Sometimes in 2013, as I sat in our living room, feeling like a fake OG, sipping cheap beer — yes, I could drink now… legally — blasting Ruggedy Baba again, much to the dismay of our neighbors who always want my head whenever I played music, tears rolled down my face as I smiled full beam, before shivers went down my body and tingles traveled by vertebrae column — yes, art moves me like that — I got nostalgic albeit angry; I felt alone in my appreciation. Even my homie who gave me the album had probably forgotten it. We failed to collectively acknowledge musical brilliance, impact, lyrical dexterity, and technical astuteness of vision, construction and implementation, AND an almost perfect successful mashing of Hiphop and Afro-pop, while keeping the art clean and output worthily classic. We made its stance fake or at best ephemeral; we didn’t create a space for it in the Hall of Fame. It deserves better from us.

Arguably, that album became the template for the flurry of mainstream, successful and dynamically relevant Nigerian rappers that was about to follow, unlike never before; Naeto C, M.I, Ikechukwu, Jagz, Ice Prince, Vector and a few others. The likes of Falz still benefit from Ruggedy Baba’s impact. It gave them a platform that rap shouldn’t be so alienated as a foreign, vanguard culture. It made us understand the flexibility of Hiphop as a pliable concept, not rigid, while it introduced a salient element of nextgen instrumentation and constructive lyrical deliveries, rich on African influences, opposed to the limited acceptability of Mode’s sound. Other rappers tried, but Rugged delivered the most compelling case. His template birthed the widespread fascination with Nigerian rappers. In fact, the success of Ruggedy Baba — the song — in chief, in some ways Mode’s Cry and in part Sasha’s Adara aided the acclaim of Naeto C’s Kini Big Deal and M.I’s Safe — African-esque Rap-Sung was THE interesting stuff; M.I just cemented the appeal forever. But none was better received as Ruggedy Baba; Cry was mostly restricted to Hiphop heads and Sasha was still struggling with acceptability and masculine dominance as a female rapper. They both got preed by music lovers though, with a measure of appreciation.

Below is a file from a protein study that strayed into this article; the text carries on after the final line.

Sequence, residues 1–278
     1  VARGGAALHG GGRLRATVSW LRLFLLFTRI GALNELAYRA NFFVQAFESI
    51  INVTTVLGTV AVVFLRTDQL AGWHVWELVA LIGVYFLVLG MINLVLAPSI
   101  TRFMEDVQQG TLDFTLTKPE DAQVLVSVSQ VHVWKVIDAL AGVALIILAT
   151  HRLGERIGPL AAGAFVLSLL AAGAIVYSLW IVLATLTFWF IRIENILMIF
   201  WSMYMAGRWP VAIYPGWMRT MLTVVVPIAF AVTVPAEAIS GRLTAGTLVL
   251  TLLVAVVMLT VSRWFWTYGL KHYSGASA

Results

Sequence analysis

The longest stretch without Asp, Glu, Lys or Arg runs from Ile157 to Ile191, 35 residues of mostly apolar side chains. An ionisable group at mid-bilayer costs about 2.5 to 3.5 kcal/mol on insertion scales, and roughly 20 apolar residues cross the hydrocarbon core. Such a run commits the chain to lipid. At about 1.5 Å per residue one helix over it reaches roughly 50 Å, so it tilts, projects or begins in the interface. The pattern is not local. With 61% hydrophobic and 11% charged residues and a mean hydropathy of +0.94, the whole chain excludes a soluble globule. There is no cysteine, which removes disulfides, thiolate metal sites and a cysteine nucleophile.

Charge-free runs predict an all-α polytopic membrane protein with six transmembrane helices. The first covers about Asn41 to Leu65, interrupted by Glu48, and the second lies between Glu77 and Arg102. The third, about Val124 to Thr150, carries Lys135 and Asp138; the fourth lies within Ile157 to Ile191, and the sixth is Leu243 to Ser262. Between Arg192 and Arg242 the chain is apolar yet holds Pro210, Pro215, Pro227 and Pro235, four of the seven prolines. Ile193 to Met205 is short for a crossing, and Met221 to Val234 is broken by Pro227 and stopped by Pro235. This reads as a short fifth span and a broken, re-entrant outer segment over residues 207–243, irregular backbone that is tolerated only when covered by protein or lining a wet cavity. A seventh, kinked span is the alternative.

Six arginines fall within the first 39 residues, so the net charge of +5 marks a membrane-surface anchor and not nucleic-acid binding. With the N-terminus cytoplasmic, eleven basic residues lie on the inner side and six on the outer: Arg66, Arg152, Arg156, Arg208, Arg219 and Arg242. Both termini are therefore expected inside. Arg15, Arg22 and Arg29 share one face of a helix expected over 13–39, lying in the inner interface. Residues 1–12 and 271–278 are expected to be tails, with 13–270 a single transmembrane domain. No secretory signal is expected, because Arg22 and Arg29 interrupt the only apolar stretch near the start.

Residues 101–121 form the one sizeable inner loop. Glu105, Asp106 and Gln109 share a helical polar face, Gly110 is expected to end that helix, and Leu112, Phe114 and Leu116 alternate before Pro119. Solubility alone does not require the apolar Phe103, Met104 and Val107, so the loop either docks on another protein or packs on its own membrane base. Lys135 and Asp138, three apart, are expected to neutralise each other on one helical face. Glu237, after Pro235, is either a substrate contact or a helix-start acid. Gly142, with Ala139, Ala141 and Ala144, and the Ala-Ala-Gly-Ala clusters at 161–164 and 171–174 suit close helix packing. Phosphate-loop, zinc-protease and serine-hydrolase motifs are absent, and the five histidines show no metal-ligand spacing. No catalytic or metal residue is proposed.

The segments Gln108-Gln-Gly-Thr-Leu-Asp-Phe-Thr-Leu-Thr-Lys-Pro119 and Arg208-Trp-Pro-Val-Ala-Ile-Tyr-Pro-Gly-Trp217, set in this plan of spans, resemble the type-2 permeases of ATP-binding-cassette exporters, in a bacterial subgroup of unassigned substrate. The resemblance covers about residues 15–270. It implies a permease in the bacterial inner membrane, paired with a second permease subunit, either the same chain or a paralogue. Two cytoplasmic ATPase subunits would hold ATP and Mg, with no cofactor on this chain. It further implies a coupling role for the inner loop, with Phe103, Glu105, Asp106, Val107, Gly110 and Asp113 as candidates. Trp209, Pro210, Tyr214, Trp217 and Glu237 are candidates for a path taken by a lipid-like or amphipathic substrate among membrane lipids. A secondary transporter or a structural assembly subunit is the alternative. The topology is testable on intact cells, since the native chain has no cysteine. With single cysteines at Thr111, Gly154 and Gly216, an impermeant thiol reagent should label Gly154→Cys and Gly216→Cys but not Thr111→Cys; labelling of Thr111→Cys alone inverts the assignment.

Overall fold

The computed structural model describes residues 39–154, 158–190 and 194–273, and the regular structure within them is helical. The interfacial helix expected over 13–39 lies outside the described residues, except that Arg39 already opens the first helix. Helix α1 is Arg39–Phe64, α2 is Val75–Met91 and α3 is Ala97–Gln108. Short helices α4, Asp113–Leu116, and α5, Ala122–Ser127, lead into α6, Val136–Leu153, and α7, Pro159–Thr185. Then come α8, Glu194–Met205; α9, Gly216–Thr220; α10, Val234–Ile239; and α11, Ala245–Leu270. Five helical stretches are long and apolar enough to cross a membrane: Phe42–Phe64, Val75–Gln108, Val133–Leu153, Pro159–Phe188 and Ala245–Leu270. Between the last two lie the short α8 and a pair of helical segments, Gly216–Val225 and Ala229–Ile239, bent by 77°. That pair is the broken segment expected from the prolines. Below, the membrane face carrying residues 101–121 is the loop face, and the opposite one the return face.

The mass appeal of Nigerian Rap rose just after Ruggedy Baba. A lot of people don’t just realize that but rap has never remained/will never remain the same.

Fun fact: As I researched for the album, I realized Niyola was on it. Mama nor be your mate Bros. Lol.

Rugged, you might not have given us another one, but we’ll always be grateful for Ruggedy Baba; at least I will. Thanks for giving me an opportunity to vent this catharsis, albeit 10 years down the line. The boy in me still beams nostalgically at the thought of his enjoyment of that beauty. Thanks for helping down my elitist mentality. You’re a legend, trendsetter and trailblazer of in Nigerian, nigh African Hiphop — Believe that.

PennedMusingsNG for Urban Central follow him on Twitter @Weird_Liberal